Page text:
Months ago, with the CDC publishing a new framework to return to sailing, it seemed like a no-brainer that cruises — while already suspended for months — would definitely be back for 2021. In the past several weeks, however, there have been more questions about that thinking.
First, cruise lines have continued to push back return dates. First it was for the end of 2020, then through March, and now all the major lines have pushed the return until at least May.
Then an investment analyst recently went on record to say that cruises could be paused for all of 2021, and in the best case scenario the return wouldn’t be until July.
“The sentiment for 2021 has now changed to ‘It’s possible 2021 will not be a return to (revenue) sailings in North America, or at least not before’ ” the fourth quarter, Truist Securities analyst Patrick Scholes wrote in a note Friday.
With a slower-than-expected initial rollout of a potentially ground-breaking vaccine, worries about new variants, combined with still-high cases of COVID spread, is it possible that cruises don’t start again until after 2021?
Here’s the latest updates and our opinion.
Current Status of the Pause in Sailing
Let’s start with where things stand now. At best the earliest that major cruise lines will begin sailing based on their own scheduling is in May.
Carnival Corporation, Norwegian Cruise Line Holdings Ltd., and Royal Caribbean Group have all announced that their self-imposed suspensions that go through April. And at that point, plans are for limited cruises when first starting back.
But just because cruise lines have a voluntary pause in place doesn’t mean they can simply get back to cruising. On top of the pause is the CDC’s “Framework for Conditional Sailing.”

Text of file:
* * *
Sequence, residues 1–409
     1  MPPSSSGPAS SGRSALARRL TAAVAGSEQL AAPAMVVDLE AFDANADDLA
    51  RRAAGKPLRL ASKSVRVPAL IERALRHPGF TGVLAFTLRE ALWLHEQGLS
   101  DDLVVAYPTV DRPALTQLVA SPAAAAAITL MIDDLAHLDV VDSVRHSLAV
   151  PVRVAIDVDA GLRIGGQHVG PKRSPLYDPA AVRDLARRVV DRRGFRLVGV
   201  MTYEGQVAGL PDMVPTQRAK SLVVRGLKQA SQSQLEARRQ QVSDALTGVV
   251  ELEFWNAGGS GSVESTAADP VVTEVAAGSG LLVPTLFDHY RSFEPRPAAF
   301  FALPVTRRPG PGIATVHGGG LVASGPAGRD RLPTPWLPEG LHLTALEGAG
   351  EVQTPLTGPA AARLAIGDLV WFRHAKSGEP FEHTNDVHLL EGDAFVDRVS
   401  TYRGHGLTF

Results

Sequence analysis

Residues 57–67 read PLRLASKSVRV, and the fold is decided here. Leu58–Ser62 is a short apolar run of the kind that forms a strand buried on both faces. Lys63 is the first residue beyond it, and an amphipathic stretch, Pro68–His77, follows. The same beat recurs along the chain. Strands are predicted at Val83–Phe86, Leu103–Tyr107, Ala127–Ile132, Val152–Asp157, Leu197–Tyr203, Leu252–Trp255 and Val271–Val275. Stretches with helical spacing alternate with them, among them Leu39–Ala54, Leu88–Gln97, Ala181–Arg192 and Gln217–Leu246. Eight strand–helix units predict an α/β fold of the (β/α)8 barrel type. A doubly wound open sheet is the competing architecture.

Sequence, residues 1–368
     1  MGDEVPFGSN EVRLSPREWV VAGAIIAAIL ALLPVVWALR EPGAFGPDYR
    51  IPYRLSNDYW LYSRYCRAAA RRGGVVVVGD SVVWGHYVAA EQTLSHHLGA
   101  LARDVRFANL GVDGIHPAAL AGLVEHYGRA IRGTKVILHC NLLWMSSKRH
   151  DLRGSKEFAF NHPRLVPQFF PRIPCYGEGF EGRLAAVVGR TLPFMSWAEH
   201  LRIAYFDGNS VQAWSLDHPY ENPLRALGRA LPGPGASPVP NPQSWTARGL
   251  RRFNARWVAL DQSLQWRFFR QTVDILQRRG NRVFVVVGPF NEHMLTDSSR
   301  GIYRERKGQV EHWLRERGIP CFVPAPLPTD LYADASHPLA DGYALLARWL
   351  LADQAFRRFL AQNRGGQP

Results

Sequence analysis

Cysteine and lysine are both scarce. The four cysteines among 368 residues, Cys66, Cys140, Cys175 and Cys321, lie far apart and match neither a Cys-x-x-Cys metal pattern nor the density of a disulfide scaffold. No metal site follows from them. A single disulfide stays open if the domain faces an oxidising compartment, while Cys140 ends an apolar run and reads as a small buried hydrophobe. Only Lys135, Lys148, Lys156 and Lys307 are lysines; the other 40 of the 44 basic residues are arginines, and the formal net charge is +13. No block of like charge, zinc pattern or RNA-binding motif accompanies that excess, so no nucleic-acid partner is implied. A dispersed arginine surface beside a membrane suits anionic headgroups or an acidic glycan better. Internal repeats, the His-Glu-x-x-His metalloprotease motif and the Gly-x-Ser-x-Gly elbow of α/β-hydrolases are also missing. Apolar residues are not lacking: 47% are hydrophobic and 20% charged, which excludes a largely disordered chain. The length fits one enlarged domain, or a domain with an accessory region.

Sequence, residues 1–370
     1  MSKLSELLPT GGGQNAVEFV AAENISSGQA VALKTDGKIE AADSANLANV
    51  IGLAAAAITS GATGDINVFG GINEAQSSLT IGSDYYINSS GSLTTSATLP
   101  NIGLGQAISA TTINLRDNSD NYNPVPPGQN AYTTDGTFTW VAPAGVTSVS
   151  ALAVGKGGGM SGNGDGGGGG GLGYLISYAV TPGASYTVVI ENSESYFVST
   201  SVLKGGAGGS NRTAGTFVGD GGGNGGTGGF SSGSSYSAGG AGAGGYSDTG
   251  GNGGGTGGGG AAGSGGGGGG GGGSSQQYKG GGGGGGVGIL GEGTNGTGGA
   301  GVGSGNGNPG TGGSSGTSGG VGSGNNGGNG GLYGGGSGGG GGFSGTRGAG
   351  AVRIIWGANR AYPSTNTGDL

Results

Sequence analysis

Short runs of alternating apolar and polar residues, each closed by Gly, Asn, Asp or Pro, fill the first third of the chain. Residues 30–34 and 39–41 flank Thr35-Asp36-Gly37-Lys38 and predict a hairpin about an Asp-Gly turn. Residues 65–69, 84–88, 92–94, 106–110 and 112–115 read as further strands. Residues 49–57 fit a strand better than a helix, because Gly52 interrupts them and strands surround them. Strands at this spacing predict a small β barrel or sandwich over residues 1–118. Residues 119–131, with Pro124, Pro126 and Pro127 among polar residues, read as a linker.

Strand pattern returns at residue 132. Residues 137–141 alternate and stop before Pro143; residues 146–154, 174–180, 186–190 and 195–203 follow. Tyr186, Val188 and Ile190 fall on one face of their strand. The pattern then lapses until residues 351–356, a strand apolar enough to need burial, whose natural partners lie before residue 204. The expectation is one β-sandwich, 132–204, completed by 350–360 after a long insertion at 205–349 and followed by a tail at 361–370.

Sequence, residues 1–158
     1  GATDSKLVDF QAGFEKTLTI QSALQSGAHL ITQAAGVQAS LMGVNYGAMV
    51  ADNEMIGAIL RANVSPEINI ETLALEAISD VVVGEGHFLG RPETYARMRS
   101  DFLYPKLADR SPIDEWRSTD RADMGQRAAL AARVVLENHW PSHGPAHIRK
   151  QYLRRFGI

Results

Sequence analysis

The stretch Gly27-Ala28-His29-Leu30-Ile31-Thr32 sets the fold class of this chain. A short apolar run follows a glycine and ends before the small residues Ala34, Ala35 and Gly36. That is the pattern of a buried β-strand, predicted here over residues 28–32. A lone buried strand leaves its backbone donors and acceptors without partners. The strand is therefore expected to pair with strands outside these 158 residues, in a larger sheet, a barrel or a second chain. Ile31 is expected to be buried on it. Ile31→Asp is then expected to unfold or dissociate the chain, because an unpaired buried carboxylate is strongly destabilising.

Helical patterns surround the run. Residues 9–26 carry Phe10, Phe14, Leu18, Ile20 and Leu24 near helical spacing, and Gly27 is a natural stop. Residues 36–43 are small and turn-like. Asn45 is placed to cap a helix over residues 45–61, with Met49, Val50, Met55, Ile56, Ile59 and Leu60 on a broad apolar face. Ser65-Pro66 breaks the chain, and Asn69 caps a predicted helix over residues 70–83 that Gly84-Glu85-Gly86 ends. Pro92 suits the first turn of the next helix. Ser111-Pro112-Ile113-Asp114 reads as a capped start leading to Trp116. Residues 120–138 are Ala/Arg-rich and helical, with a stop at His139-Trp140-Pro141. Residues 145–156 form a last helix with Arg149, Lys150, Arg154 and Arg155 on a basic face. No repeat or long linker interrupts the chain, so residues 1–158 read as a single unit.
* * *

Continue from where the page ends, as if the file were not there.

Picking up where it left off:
This framework replaced a prior “No Sail Order” that stopped cruises from the possibility of returning. Now the framework instead lays out a path to return to sailing.
Simulated Voyages and Certification to Sail
This path includes several steps and dozens of details, including things like simulated voyages (test cruises with volunteer passengers) and applying for a “Conditional Sailing Certificate” before the ship can take on paying passengers and return to cruising.
One other aspect of the CDC’s framework is that the agency will determine the phases of return based on “public health considerations.” In other words, if cases remain high, then there is no guarantee that cruises the CDC will allow them to sail.
In fact, as of now no cruise line that we’ve seen has announced a simulated voyage. Carnival CEO Arnold Donald recently said his company was waiting on further instruction from the CDC.
In other words, there appears to be a holding pattern for the return.
Factors in the Return to Cruising (Further Delays?)
There are plenty of moving parts when it comes to cruises coming back. Cruise lines have to prepare vessels and go through the CDC framework. The CDC has to give approval. Foreign ports must sign-off on cruise ships visiting. But most importantly, everyone has to feel that cruises can sail safely without passengers falling ill or spreading the virus.
Cases in the United States
Of course no factor is bigger in the return of cruises than the number of COVID cases seen. Thankfully, at this time there is a downturn in the number of cases. From an average daily number of new cases of more than 250,000, the United States has now dipped well below that figure.
Still, cases are higher now than at any time before November 2020. In other words, things are improving, but the pandemic still is not over.
With the virus so widespread, it’s hard to see cruises returning anytime soon. In fact, new cases are about double where they were when the CDC lifted the “No Sail Order” and replaced it with the framework to return.
The good news? The rollout of a vaccine looks to help speed up the fall in the number of cases, which could get cruises back sooner. Unfortunately, worries about variants may cause another hurdle.